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Protest


  • The View from the New York City Hiroshima Peace Vigil

    by Michael McQuillan

    The march featured the testimony of antinuclear activists and rekindled a demand for New York's city council to divest the city budget from contractors who make nuclear weapons, but too much of the public seems willing to ignore the nuclear threat.



  • History Was Never Subject to Democratic Control

    by Helen Lewis

    Neither the local economic elite who put up Edward Colston's statue in Bristol, England nor the activists who tore it down operated with a public mandate. What are the prospects for democratic and consensual public history? 



  • Did Last Summer's BLM Protests Change Anything?

    by Keeanga-Yamahtta Taylor

    A commission convened by the Mayor of Philadelphia exemplifies the American preference for symbolism over substance in recently proclaimed "racial reckonings." 



  • Answering the Armies of the Cheated (But No Questions about War Please!)

    by Andrew Bacevich

    Americans wondering why their nation is failing to meet their basic needs since supposedly winning the Cold War need to reckon with its successor ideology, the idea of America as the Indispensable Nation, and the costs of intervention it has inspired. 



  • It's Impossible to Separate Politics and the Olympics

    by Michelle Sikes

    The Supreme Council for Sport in Africa was a collaboration of 32 nations to pressure international sporting authorities to seek to bar the white supremacist regimes of South Africa and Rhodesia from major competition, most notably through a boycott of the 1976 Montreal games.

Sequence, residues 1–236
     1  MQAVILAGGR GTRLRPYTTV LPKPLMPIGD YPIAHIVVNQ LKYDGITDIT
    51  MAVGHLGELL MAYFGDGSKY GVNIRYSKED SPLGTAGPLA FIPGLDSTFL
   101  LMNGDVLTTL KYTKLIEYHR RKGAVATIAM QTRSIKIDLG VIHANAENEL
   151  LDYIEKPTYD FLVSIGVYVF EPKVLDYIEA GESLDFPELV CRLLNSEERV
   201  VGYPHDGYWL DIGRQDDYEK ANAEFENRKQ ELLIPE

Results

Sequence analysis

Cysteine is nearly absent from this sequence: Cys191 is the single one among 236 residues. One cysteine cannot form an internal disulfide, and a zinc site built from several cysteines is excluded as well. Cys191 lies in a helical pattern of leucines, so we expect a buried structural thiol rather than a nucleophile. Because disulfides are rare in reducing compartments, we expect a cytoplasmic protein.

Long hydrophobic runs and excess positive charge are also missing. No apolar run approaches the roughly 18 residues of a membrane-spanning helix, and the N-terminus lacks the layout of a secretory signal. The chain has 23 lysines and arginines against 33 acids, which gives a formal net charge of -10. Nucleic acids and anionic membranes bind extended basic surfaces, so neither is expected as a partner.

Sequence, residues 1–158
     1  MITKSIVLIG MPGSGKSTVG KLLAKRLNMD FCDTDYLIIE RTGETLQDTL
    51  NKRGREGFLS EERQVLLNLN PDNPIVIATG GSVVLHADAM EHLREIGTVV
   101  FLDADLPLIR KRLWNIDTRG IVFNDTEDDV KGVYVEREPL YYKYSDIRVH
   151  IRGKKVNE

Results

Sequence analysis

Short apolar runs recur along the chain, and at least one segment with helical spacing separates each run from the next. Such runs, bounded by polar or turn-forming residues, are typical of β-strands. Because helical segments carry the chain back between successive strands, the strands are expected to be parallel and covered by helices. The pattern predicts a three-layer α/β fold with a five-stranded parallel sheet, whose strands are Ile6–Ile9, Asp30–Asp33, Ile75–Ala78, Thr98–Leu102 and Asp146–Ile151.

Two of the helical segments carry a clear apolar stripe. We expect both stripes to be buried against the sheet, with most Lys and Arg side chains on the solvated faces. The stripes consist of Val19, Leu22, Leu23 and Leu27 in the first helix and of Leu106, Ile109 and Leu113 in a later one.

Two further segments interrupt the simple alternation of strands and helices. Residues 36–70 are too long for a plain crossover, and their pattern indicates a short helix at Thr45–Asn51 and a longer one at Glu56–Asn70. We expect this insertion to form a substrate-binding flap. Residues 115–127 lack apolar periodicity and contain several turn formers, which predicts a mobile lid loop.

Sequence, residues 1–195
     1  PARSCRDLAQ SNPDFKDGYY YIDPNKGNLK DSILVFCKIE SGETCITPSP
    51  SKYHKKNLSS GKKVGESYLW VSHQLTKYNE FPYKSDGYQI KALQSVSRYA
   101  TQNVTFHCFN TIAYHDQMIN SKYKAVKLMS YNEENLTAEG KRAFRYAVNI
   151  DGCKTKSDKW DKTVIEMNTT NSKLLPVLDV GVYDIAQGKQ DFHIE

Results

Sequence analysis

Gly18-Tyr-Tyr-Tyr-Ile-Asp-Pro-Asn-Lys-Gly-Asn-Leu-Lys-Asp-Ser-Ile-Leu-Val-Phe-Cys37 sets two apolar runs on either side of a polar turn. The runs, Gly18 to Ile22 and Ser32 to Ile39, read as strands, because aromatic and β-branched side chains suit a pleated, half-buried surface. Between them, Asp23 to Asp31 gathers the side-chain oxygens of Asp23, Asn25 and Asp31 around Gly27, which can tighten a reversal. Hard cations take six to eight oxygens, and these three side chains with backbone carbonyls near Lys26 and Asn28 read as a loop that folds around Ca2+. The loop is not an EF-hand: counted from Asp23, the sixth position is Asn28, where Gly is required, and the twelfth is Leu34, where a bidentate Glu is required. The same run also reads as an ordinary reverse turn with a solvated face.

• The IOC May Not Like it, but the Games have Always Been a Forum for Protest

    by Harry Blutstein

    "Baron Pierre de Coubertin, believed that Olympiads were a way to communicate “love for concord and a respect for life.” So it was not surprising that activist athletes saw the Olympics as a legitimate forum to promote those values whenever they saw them violated."



  • Black Lives Matter Misses the Point About Cuba

    by Jorge Felipe Gonzalez

    American activists who recognize the antiracist achievements of the revolutionary Cuban government miss the ways that that government's authoritarianism and more recent economic policies disproportionately harm Afro-Cuban people. 



  • Daphne Brooks on Truth-Telling Music

    African American Studies scholar Daphne Brooks tells the back stories of Black women in music and the cultural impact of their songs. 



  • Learn Lessons about Movement Building from Radical Black Women

    by Keisha N. Blain, Premilla Nadasen and Robyn C. Spencer

    Barbara Ransby facilitates a roundtable collaborative essay about the role of women in building radical movements for justice in Black communities encompassing social welfare, economic security, police accountability, women's liberation and more. 



  • Cubans Took to the Streets in 1994, Too

    by Rozzmery Palenzuela Vicente

    Since the Clinton administration, decreased willingness by the US to accept Cuban migrants as political refugees has eliminated a significant safety valve against dissent on the island – encouraging Cuban dissidents to leave. This may make current protests more enduring and possibly more effective. 



  • Black Power and Anti-Carceral State Infrastructure

    by Joshua L. Crutchfield

    Mutual aid groups that formed in response to the COVID pandemic echo the ways that participants in the Black Freedom movement sought to create alternative instititutions for the benefit of communities and individuals that did not reinforce the power of the police.